The Effects of Anabolic Steroids and Protease Inhibitors on People Living With HIV/AIDS
|First Received Date ICMJE||September 13, 2005|
|Last Updated Date||December 21, 2005|
|Start Date ICMJE||September 1999|
|Primary Completion Date||Not Provided|
|Current Primary Outcome Measures ICMJE
|Original Primary Outcome Measures ICMJE||Same as current|
|Change History||Complete list of historical versions of study NCT00202241 on ClinicalTrials.gov Archive Site|
|Current Secondary Outcome Measures ICMJE
|Original Secondary Outcome Measures ICMJE||Same as current|
|Current Other Outcome Measures ICMJE||Not Provided|
|Original Other Outcome Measures ICMJE||Not Provided|
|Brief Title ICMJE||The Effects of Anabolic Steroids and Protease Inhibitors on People Living With HIV/AIDS|
|Official Title ICMJE||The Effects of Anabolic Steroids and Protease Inhibitors on Serum Blood Lipids,Muscle Mass, and Total Body Fat in People Living With HIV/AIDS|
The main aim of the study is to investigate the combined effects of using anabolic steroids and protease inhibitors on fat metabolism and body composition of People Living with HIV/AIDS.
We are seeking to answer the following questions:
1) Are there any significant differences in serum blood lipids, lipodystrophy, in persons with HIV taking antiretroviral therapies and anabolic steroids versus antiretroviral therapies alone?
Changes in body composition and wasting have been a constant concern for people living with HIV/AIDS. Testosterone and its derivatives, anabolic steroids (AS) are being used by persons with HIV/AIDS (PHA's) to treat AIDs related wasting syndrome and also for bodybuilding purposes. some studies have shown that AS had a positive impact on the weight and well-being of HIV seropositive individuals.
It has been shown that protease inhibitors (PI's) in combination with other antiretroviral HIV therapies are associated with a symmetrical loss of subcutaneous fat from the body surface (lipodystrophy)in some PHAs.
The mechanism for lipodystrophy is not well understood. However, it is associated with hyperlipidemia that contributes to central fat deposition, insulin resistance, and in some, type 2 diabetes. As well, increased visceral abdominal fat and loss of fat inthe arms, legs and face, and increased levels of serum lipids have been reported.The health effects of anabolic steroid therapy coupled with PIs has not been examined before.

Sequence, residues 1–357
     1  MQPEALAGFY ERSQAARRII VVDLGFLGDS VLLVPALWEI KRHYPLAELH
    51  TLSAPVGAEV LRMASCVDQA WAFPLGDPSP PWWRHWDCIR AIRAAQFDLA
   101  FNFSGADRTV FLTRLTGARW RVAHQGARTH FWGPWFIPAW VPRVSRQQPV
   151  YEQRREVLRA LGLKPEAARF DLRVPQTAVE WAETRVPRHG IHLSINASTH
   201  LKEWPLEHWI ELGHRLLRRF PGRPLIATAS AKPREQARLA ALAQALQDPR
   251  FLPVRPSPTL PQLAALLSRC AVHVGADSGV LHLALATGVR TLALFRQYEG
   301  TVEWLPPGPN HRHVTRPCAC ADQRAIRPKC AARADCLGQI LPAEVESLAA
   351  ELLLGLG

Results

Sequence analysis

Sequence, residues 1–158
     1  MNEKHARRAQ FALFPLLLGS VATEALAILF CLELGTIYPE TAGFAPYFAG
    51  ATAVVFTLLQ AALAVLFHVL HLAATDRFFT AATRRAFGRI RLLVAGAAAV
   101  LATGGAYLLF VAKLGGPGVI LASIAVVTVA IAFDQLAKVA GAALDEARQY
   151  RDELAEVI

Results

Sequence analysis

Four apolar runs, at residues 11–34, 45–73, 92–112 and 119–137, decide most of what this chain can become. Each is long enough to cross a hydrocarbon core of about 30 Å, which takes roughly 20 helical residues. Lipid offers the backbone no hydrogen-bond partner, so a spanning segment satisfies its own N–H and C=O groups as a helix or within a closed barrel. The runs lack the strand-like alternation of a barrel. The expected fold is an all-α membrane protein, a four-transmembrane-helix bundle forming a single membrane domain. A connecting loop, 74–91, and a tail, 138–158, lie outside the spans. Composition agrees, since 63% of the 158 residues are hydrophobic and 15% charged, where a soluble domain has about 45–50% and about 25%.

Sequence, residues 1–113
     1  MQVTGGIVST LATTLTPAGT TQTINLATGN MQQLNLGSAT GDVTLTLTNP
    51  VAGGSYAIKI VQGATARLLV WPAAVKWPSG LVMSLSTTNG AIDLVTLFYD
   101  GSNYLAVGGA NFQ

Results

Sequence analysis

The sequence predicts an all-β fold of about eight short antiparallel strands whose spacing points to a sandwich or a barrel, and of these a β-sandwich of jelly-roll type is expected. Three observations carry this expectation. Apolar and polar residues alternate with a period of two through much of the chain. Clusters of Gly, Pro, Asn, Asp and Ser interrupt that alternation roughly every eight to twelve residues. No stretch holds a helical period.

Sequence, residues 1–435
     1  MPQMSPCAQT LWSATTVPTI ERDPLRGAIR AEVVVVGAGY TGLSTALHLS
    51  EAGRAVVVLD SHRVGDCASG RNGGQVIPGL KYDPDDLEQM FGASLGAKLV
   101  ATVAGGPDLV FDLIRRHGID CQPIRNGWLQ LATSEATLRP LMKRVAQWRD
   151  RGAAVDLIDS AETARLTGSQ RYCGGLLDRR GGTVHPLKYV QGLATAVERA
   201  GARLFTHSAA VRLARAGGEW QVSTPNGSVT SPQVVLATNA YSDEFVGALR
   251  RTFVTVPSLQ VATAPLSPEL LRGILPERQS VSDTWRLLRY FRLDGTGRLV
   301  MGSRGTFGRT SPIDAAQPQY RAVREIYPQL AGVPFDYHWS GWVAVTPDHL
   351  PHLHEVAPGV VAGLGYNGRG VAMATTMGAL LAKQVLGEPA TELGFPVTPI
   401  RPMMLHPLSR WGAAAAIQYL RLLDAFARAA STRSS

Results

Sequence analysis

This study is an observational study investigating the phenomenon of lipodystrophy in an HIV population already exposed to AS and PIs. A prospective observational design will be employed, with two groups recruited. One group will be taking AS and PI's, the other will be taking PIs only.
The groups will be asked to completed Quality of Life nutrition and physical activity questionnaires. Serum blood lipid characteristics will be compared, and body composition will be determined using MRIs, BIA's and skinfold measurements.
|Study Type ICMJE||Interventional|
|Study Phase||Not Provided|
|Study Design ICMJE||Allocation: Non-Randomized
Endpoint Classification: Safety/Efficacy Study
Intervention Model: Parallel Assignment
Masking: Open Label
Primary Purpose: Diagnostic
|Intervention ICMJE||Procedure: testosterone injection|
|Study Arm (s)||Not Provided|
|Publications *||Not Provided|
* Includes publications given by the data provider as well as publications identified by ClinicalTrials.gov Identifier (NCT Number) in Medline.
|Recruitment Status ICMJE||Completed|
|Completion Date||June 2001|
|Primary Completion Date||Not Provided|
|Eligibility Criteria ICMJE||
|Ages||18 Years and older|
|Accepts Healthy Volunteers||No|
|Contacts ICMJE||Contact information is only displayed when the study is recruiting subjects|
|Listed Location Countries ICMJE||Canada|
|Removed Location Countries|
|NCT Number ICMJE||NCT00202241|
|Other Study ID Numbers ICMJE||DMED-99|
|Has Data Monitoring Committee||Not Provided|
|Responsible Party||Not Provided|
|Study Sponsor ICMJE||Queen's University|
|Collaborators ICMJE||Ontario Ministry of Health and Long Term Care|
|Information Provided By||Queen's University|
|Verification Date||September 2005|
ICMJE Data element required by the International Committee of Medical Journal Editors and the World Health Organization ICTRP